He switched off the Jeep and sucked in the familiar scents of sea air and sun-baked sand. He couldn't find his usual comfort in the smells. Not today. And, maybe, never again. Hesitantly he searched for the right words.
Yeah, right. Like there were any right words in this God-awful situation.
"I won't offer y'platitudes, Ali," he finally managed to spit out. "He was the best man I've ever known. I loved 'im like a brother."
Talk about understatement of the century. Losing Grigg was akin to losing an arm. Nate felt all off-balance. Disoriented. More than once during the past week, he'd turned to tell Grigg something only to remember too late his best friend wasn't there.
He figured he wasn't suffering from phantom-limb syndrome, but phantom-friend syndrome.
"Then as a brother, tell me what happened...what really happened," she implored.
She'd always been too damned smart for her own good.
"He died in an accident. He was cleanin' an old gas tank on one of the bikes; there was a spark; some fuel on his rag ignited; he fell into a tray of oil and burned to death before anyone could get to him." The lie came out succinctly because he'd practiced it so friggin' often, but the last word still stuck in his throat like a burr.
Unfortunately, it was the only explanation he could give her about the last minutes of her brother's life. Because the truth fell directly under the heading National Security Secret. He thought it very likely Ali suspected Grigg hadn't spent the last three-plus years partnering with a few ex-military, spec-ops guys, living and working in Chicago as a custom motorcycle builder, but it wasn't his place to give her the truth. The truth that Grigg Morgan had still been working for Uncle.
When he and Grigg bid their final farewells to the Marine Corps, it was only in order to join a highly secretive "consulting" group. The kind of group that took on only the most clandestine of operations. The kind of group whose missions never made the news or crossed the desk of some pencil-pushing aide at the DOD in a tidy little dossier. They put the black in black ops, their true identities known only to a select few, and those select few were very high up in government. High. Like, all the way at the friggin' top.
So no. He couldn't tell her what really happened to Grigg. And he hoped to God she never found out.
She searched his determinedly blank expression, and he watched helplessly as the impotent rage rose inside her-an emotional volcano threatening to explode. Before he could stop her, she slammed out of the vehicle, hurdled the fence, and raced toward the dunes, long hair flying behind her, slim bare legs churning up great puffs of sand that caught in the briny wind and swirled away.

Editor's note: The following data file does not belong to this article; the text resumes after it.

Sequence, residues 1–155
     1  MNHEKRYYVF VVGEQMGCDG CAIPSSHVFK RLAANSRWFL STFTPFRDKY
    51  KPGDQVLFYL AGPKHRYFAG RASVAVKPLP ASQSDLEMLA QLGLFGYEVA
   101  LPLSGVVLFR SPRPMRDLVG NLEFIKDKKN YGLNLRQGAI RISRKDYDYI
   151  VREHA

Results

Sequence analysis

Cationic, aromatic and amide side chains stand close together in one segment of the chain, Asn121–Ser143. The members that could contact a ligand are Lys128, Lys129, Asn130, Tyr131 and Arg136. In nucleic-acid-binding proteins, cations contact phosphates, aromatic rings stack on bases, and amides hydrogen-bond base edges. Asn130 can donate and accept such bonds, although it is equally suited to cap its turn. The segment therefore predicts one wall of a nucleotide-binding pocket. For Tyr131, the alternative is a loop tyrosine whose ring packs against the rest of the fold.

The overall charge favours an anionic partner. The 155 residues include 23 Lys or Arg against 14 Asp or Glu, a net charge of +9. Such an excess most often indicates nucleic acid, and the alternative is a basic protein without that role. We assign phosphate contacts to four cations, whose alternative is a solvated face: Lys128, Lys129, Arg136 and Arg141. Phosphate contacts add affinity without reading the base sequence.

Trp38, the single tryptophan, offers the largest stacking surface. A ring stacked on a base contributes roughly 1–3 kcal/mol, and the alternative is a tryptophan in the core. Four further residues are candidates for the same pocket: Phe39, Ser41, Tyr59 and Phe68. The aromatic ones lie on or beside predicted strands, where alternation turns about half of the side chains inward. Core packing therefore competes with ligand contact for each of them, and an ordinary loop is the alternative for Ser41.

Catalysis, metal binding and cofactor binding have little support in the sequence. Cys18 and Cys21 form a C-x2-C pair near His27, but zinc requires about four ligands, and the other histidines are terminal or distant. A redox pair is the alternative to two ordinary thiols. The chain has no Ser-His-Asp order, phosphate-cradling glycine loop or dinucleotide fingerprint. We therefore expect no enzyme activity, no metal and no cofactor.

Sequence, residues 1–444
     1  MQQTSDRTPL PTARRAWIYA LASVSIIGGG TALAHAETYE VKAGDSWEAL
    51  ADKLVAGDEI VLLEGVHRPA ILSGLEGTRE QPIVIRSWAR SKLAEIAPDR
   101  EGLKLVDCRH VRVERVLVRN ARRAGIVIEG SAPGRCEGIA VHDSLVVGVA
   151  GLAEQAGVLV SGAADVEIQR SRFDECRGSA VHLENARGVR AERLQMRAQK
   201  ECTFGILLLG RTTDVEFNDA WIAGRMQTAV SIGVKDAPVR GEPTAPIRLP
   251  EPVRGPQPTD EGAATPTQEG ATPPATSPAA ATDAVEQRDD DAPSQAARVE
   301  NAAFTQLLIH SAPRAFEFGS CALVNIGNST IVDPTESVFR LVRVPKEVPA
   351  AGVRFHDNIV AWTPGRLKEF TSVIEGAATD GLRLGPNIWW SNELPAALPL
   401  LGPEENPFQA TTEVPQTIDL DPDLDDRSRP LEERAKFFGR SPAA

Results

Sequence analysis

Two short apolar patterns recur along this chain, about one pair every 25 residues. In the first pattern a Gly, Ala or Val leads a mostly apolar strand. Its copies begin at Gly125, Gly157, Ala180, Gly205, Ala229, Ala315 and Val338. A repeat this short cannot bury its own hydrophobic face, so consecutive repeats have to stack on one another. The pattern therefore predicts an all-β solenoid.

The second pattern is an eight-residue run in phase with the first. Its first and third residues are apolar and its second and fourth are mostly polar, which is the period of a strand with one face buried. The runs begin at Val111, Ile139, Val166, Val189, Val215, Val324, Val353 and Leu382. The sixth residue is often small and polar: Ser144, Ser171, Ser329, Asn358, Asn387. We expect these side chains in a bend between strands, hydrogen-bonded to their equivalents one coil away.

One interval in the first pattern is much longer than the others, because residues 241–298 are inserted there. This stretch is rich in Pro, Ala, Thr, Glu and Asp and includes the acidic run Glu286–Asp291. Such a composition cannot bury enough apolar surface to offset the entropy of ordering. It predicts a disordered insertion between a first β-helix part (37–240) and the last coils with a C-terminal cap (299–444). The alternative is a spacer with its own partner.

He wrenched open his door and bounded after her, his left leg screaming in agony, not to mention the goddamned broken ribs that threatened to punch a hole right through his lung. Blam! Wheeze. That quick and he'd be spending another day or two in the hospital. Fan-friggin'-tastic. Just what he didn't need right now.
"Ali!" he bellowed, grinding his teeth against the pain, running with an uneven, awkward limp made even more so by the shifting sand beneath his boots.
She turned on him then in grief and frustration, slamming a tiny balled-up fist into the center of his chest. Sweet Christ...
Agony exploded like a frag grenade. He took a knee. It was either that or just keel over dead.
"Nate?" Her anger turned to shock as she knelt beside him in the sand. "What-" Before he knew what she was about, she lifted the hem of his T-shirt, gaping at the ragged appearance of his torso. His ribs were taped, but the rest of him looked like it'd gone ten rounds with a meat grinder and lost.
"Holy shit, Nate!" He almost smiled despite the blistering pain that held him in its teeth, savage and unyielding as a junkyard dog. Ali never cursed. Either it was written somewhere in her DNA or in that contract she'd signed after becoming a kindergarten teacher. "What happened to you?"
He shook his head because, honestly, it was all he could manage. If he so much as opened his mouth, he was afraid he'd scream like a girl.
"Nate!" She threw her arms around his neck. God, that felt right...and so, so wrong. "Tell me! Tell me what happened to you. Tell me what really happened to Grigg." The last was breathed in his ear. A request. A heartrending plea.
"Y'know I can't, Ali." He could feel the salty hotness of her tears where she'd tucked her face into his neck. Smell, in the sweet humidity of her breath, the lemon tea she'd been drinking before he knocked on her parents' door and told her the news that instantly blew her safe, sheltered world apart.
This was his greatest fantasy and worst nightmare all rolled into one. Ali, sweet, lovely Ali. She was here. Now. Pressed against his heart.
He reluctantly raised arms gone heavy with fatigue and sorrow. If Grigg could see him now, he'd take his favorite 1911-A1 and drill a .45 straight in his sorry ass. But the whole point of this Charlie Foxtrot was that Grigg wasn't here. No one was here to offer Ali comfort but him. So he gathered her close-geez, her hair smelled good-and soothed her when the grief shuddered through her in violent, endless waves like the tide crashing to shore behind them.
And then she kissed him...